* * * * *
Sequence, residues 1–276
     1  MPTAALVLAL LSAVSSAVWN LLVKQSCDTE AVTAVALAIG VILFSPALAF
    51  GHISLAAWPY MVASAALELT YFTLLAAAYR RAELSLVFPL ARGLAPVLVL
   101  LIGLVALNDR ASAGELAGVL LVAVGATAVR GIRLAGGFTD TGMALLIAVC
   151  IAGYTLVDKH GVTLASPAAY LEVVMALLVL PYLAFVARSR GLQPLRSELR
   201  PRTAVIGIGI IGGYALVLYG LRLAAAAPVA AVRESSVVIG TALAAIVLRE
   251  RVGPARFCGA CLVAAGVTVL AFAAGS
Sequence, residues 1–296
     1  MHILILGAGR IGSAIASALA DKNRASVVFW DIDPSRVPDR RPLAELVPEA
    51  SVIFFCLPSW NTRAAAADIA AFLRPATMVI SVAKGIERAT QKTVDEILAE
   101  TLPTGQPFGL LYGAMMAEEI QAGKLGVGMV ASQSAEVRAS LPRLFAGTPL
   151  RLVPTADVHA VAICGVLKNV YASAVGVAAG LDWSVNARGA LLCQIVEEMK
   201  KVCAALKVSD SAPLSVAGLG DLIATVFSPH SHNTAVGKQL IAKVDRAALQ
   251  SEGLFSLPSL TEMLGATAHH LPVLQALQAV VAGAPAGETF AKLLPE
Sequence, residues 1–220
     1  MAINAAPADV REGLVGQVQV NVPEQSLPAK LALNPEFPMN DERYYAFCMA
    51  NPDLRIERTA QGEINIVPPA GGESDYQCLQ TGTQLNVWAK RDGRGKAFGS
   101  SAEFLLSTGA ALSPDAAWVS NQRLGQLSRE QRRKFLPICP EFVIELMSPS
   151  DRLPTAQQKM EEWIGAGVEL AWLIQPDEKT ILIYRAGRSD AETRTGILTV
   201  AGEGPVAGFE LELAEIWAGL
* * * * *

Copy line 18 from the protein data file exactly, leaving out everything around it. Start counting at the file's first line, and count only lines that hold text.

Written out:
   101  SAEFLLSTGA ALSPDAAWVS NQRLGQLSRE QRRKFLPICP EFVIELMSPS